Fig. 402.Pntterns of Cold Air Box.   Second Solution.

Fig. 402.Pntterns of Cold Air Box. - Second Solution.

PROBLEM 100. The Patterns for the Inclined Portion of a Cold Air Box to Meet the Horizontal Portion Obliquely in Plan.

This problem is here introduced on account of the similarity of its conditions with those of the one immediately preceding, although, as its patterns are obtained entirely without the use of profiles, it does not properly belong in this connection. Its solution will serve to show what widely different means may be employed to obtain the same ends. In the preceding case the miter cut was obtained without reference to the miter at the upper end of the oblique arm. In this case the oblique portion is required to join, at its upper end, with another arm like and exactly parallel with the arm joining its lower termination.

Under such conditions it follows that the planes of the upper and lower miters must be parallel, and, therefore, that miter cut at the upper end of either of the faces of the oblique portion must be parallel with that at the lower end of the same. Advantage may be taken of these conditions to obtain a very simple solution of the problem, as will be seen below.

The first requisite is, of course, a correctly drawn elevation and plan in which all the points in each are duly projected from corresponding points in the other view. In Fig. 403 is shown a plan and elevation of the box, with the lines of projection connecting corresponding points in each, all of which may be constructed very much as described in the preceding problem.' The inclined arm is required to have a rise equal to a of the elevation and a forward projection equal to b of the plan. Corresponding points in the two views are lettered alike. Thus the elevation shows clearly that it is an elevation of the front A B F E of the plan, with the back C D H G dotted behind, while the plan shows clearly A B D C of the elevation with the bottom E F H G dotted below.

Fig. 403.   Patterns for the Inclined Portion of a Cold Air Box to Meet the Level Portion Obliquely in Plan.

Fig. 403. - Patterns for the Inclined Portion of a Cold Air Box to Meet the Level Portion Obliquely in Plan.

The first important information to be derived from the correctly drawn views is that the front and back are the same, likewise the top and bottom are alike. The patterns of the top and front are given separately. upon the supposition that joints will be made at all of

Pattern Problem. 215 the angles; should they be wanted in one piece they could readily be connected. As all the surfaees of the inclined portion of the pipe are oblique to the given new, only some of their dimensions will be correct as they appear on the paper. An inspection of both elevation and plan will show that the lines A C and B D are both horizontal and parallel, and, therefore, correct as they appear in the plan, and may be used as given in the construction of a pattern of the top piece. The shortest distance between these two lines will be represented by a line at right angles to both, as M N. Since the point N in the line B D is higher than the point M of the line A G, by the distance a of the elevation, it will be necessary to construct the diagram J L K in order to get the correct distance between the points M and N. J K is made equal to the distance M X, as indicated by the dotted lines. K L is equal to the rise given in the elevation; hence the distance J L represents the true distance between the points M and N. Upon the continuation of the line M N of the plan set off the distance J L, as shown at J' L'. Through each of these points lines are drawn parallel to A C and B D of the plan. The line A' C' is made equal to A C, and B' D' is made equal to B D by means of the dotted lines drawn parallel to M N. This pattern is completed by connecting the point A' with B' and C' with D'.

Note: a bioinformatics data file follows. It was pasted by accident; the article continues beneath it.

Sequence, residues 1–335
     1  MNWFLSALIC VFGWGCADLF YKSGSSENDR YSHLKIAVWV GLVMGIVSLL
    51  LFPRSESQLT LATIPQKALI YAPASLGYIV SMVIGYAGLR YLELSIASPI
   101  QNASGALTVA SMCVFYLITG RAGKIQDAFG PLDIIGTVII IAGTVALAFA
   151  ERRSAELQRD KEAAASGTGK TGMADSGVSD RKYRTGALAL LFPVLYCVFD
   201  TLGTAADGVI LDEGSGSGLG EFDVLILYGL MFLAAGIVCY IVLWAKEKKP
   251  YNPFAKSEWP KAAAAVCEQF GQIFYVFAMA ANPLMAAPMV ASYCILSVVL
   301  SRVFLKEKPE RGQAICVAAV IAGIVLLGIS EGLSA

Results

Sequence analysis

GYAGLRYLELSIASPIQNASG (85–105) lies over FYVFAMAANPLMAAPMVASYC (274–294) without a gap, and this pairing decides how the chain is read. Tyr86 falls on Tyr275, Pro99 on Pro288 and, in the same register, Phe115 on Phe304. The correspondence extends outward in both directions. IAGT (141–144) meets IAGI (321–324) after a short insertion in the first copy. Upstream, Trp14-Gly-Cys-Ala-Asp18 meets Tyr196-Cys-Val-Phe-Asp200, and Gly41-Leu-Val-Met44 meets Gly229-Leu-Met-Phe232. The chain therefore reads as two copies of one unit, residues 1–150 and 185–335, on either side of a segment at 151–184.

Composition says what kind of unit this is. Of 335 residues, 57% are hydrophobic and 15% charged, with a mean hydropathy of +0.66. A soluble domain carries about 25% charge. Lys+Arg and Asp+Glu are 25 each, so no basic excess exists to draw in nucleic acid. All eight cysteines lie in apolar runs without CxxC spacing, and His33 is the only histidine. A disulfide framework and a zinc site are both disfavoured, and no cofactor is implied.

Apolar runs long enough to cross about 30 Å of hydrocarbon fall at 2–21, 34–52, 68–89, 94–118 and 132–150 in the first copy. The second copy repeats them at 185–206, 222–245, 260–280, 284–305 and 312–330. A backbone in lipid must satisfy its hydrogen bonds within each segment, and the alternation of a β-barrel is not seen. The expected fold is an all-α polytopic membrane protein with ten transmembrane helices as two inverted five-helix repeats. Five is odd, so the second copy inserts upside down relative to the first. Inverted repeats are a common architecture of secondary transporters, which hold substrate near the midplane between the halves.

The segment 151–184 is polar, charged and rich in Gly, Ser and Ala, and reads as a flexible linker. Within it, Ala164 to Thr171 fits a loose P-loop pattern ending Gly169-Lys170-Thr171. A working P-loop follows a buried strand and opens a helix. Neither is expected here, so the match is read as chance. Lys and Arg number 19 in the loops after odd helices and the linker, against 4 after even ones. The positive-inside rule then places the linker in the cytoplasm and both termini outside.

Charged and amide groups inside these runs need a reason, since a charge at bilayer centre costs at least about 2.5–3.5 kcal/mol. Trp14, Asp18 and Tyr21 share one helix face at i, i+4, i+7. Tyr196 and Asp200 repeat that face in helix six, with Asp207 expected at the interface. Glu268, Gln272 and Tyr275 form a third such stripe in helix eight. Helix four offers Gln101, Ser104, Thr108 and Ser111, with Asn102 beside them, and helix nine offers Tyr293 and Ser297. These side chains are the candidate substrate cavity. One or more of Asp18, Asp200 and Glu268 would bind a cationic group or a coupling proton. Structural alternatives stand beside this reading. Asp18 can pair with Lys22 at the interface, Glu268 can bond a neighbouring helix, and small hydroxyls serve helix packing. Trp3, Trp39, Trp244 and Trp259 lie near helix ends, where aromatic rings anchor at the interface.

In developing the pattern of the side A B F E the same course might be pursued, beginning with the lines A E and B F, whose lengths are correctly given in the elevation, but for the sake of diversity another method has been employed. Beginning with the known fact that the point B is higher than the point A, as shown by a in the elevation, construct a diagram, O P R, making O P equal to and parallel with A B of the plan, and O R equal to a, thus giving B P as the correct length of the line represented by A B of the plan. From the points E and F draw, at right angles to E F, the lines E S and F T indefinitely. Since the distances A E and B F are the same and are correctly given in the elevation, take that distance between the feet of the dividers, and placing one foot at the point B describe a small arc, cutting the line E S in the point S. By repeating this operation from the point P, the point T is established in the line F and T. Lines connecting the points B S, S T and T P will complete the pattern of the front and back.